The Geneva-based Global Fund to Fight AIDS, Tuberculosis and Malaria has lifted its freeze on aid to China despite a dispute over alleged corruption and misuse of the funding. The Fund said it took the decision in order to ensure that its aid work in China goes on while efforts to resolve the dispute continue.

The Fund blocked a $283 million grant to the Chinese AIDS program in November following the discovery that Chinese government agencies had been channeling an insufficient share to community and grassroots groups. A backlash ensued from the donor community regarding the lack of transparency and suspicions of corruption amongst the hundreds of countries that receive this kind of funding worldwide.

Global Fund spokesperson Jon Liden said (August 25) that “China and The Global Fund will continue to work closely together to tighten fiduciary controls and ensure that programs are as effective as possible in combating the three diseases.” The resumed aid means that China will receive grants worth $300 million to prevent and treat HIV/AIDS, malaria and tuberculosis particularly among prostitutes and drug users.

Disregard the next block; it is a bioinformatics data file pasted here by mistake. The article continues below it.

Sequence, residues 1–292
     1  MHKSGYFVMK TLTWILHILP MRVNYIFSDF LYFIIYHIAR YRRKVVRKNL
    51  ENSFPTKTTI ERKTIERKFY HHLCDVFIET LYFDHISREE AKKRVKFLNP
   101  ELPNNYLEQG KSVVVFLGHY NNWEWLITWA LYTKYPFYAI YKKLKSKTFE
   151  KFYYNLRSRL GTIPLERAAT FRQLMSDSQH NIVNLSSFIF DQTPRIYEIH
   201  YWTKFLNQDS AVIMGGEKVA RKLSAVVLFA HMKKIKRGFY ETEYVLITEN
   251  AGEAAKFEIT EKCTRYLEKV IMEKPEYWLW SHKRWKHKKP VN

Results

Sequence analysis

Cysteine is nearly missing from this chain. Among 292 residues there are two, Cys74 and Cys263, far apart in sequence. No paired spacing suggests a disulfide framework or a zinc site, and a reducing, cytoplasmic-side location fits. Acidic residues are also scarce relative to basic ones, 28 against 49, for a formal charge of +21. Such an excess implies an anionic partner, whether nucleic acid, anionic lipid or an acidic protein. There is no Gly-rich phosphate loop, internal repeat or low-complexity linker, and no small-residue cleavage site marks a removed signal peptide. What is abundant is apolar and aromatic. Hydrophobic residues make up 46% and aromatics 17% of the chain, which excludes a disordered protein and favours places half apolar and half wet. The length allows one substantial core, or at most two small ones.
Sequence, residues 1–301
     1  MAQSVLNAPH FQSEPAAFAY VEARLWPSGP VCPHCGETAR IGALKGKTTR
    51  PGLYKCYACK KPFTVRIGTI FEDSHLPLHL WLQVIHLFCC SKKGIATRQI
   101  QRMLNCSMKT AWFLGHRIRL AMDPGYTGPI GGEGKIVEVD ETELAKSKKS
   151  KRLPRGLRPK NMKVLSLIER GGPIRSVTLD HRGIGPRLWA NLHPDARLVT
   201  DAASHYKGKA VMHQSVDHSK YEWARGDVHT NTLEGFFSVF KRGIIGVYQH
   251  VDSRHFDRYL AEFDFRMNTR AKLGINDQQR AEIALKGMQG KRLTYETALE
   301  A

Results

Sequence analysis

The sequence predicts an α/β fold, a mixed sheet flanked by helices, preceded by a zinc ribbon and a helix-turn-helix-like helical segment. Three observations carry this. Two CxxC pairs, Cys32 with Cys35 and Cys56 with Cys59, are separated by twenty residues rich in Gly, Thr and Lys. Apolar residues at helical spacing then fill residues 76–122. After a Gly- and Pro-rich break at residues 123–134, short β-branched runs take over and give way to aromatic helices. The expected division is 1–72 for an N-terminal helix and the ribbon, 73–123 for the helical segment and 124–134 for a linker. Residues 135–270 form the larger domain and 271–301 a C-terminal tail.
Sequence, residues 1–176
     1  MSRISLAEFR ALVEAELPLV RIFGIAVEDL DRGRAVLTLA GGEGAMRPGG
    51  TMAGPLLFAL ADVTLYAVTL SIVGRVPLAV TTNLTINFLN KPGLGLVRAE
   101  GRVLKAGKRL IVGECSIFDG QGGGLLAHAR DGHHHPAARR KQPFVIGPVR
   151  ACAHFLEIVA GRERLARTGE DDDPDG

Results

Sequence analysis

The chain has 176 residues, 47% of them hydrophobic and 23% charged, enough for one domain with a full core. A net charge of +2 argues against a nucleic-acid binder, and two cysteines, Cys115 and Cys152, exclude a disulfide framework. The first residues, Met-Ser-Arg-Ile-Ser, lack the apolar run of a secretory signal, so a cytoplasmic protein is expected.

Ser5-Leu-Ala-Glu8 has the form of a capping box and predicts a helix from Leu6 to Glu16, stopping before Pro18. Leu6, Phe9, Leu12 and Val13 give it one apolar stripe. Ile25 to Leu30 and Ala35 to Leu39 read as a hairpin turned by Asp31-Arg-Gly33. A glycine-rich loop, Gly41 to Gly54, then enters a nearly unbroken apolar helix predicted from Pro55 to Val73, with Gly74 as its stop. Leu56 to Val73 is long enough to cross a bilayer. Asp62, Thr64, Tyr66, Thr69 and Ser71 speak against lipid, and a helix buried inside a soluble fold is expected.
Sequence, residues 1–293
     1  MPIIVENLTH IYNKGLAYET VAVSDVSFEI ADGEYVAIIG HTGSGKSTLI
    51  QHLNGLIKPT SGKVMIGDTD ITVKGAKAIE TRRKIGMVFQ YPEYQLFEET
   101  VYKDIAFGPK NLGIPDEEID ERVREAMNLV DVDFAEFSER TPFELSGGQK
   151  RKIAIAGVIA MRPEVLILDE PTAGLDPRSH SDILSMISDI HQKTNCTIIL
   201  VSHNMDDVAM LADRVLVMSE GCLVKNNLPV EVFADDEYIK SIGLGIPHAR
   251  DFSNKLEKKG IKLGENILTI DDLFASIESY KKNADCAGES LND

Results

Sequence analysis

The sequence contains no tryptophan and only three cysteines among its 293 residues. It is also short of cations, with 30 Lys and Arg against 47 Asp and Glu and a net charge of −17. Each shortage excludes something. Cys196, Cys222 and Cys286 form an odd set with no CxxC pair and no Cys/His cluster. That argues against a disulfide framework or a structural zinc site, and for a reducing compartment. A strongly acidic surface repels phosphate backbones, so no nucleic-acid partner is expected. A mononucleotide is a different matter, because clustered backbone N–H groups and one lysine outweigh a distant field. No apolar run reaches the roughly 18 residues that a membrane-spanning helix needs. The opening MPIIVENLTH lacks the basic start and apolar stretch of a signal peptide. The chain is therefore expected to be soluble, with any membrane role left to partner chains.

The move does not come without its critics, however. The President of the Los-Angeles based AIDS Healthcare foundation, the largest provider of HIV/AIDS healthcare in the US, Michael Weinstein remarked, “The decision by the Global Fund to restore funding to China is irresponsible and will likely undermine the credibility of the Fund.”

In fact, the resumption of funding to China has been included in the larger debate in the international donor community regarding whether China should be receiving foreign aid at all in light of its decade-long economic boom and resulting relative prosperity.

“At a time of economic crisis, when contributions to the Fund are decreasing, giving money to China makes no sense,” continued Linden, “The mandate of the Global Fund is to (help) support countries to fight AIDS, TB and Malaria that cannot afford to do it themselves. Giving precious monies to a country that spends so lavishly on public spectacles like the Shanghai Expo and the Olympics deprives desperately poor countries of what they need to control these infectious diseases.”